Lora Lumpe is a senior policy analyst in the Washington office of the Open Society Foundations. Lumpe develops and executes advocacy strategies to ensure that U.S. foreign military assistance is more transparent and effective and that it does not undermine human rights and governance in recipient countries.
Over a 25-year career, Lumpe has worked as a researcher, author, and advocate in the fields of human rights and government accountability with a focus on conventional arms control and the arms trade. Prior to joining Open Society, she lobbied the U.S. Congress on behalf of the Friends Committee on National Legislation and coordinated the U.S. Campaign to Ban Landmines and Cluster Bombs (2007–09).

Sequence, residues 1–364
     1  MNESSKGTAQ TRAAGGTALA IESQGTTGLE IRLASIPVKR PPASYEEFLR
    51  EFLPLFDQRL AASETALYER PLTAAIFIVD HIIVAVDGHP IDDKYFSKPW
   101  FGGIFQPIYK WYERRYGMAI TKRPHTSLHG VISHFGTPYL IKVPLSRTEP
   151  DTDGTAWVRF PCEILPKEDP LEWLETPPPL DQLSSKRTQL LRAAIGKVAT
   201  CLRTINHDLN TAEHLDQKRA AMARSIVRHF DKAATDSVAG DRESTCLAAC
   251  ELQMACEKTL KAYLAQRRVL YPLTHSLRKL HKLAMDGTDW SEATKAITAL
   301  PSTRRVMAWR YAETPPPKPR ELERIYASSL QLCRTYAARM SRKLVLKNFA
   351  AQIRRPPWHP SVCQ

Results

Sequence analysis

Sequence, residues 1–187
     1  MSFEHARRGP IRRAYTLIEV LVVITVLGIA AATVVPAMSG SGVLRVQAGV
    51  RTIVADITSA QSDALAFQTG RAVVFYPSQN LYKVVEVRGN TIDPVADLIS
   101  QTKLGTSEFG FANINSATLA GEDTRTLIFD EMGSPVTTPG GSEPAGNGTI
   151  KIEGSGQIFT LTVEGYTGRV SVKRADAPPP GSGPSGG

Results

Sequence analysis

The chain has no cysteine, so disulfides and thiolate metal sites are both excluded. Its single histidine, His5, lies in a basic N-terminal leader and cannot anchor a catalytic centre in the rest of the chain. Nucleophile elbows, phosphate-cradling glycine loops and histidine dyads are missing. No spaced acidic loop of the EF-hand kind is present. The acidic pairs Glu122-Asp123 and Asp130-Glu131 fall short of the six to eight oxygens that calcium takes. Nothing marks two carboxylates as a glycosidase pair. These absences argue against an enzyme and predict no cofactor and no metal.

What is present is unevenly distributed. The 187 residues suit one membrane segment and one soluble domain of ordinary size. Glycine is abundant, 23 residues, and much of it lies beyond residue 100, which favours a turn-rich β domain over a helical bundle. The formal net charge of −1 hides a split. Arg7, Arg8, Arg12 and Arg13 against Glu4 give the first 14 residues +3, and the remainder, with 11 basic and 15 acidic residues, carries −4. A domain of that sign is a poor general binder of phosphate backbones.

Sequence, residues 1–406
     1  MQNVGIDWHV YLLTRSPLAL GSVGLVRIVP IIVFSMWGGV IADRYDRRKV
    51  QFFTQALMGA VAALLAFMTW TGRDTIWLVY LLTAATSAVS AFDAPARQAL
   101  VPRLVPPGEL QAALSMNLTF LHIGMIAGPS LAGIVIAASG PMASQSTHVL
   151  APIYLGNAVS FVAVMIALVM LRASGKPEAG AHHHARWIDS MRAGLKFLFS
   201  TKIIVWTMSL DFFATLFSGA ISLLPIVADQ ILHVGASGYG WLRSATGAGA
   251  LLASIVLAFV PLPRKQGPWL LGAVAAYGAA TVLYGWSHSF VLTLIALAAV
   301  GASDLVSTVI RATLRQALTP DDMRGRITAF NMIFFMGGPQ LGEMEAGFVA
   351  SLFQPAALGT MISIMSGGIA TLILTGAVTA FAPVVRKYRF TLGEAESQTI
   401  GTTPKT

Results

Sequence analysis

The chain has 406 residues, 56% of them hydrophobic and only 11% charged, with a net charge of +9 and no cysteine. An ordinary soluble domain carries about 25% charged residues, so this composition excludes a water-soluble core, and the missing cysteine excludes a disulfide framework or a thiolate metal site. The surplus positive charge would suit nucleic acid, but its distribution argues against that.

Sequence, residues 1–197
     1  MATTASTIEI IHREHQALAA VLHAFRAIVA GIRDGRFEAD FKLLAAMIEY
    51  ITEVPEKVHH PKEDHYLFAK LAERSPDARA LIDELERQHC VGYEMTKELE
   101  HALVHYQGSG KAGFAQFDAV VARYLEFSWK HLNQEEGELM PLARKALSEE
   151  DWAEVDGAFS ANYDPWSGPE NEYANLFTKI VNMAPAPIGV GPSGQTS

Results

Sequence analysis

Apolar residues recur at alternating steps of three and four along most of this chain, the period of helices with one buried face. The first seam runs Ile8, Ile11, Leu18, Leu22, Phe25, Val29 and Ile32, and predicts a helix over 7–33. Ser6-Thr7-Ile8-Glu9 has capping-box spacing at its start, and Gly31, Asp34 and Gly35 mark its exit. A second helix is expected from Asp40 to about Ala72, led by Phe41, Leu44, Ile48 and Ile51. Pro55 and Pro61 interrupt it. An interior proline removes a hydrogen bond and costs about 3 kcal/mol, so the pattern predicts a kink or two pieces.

She has served as a consultant for the UN Department of Disarmament Affairs, UN High Commissioner on Human Rights, the World Bank, the Centre for Humanitarian Dialogue, Human Rights Watch, the Washington Office on Latin America, Amnesty International USA, and others on issues related to U.S. military assistance and training, weapons flows, and civilian protection.
From 1998 to 2001, Lumpe was the research director for the Norwegian Initiative on Small Arms Transfers at the Peace Research Institute Oslo, a coalition of humanitarian relief organizations working to diminish the impacts of gun trafficking on humanitarian operations.
Her books include Running Guns: The Global Black Market in Small Arms (London: Zed Books, 2000) and The Arms Trade Revealed: A Guide for Investigators and Activists (Washington, D.C.: Federation of American Scientists Fund, 1998).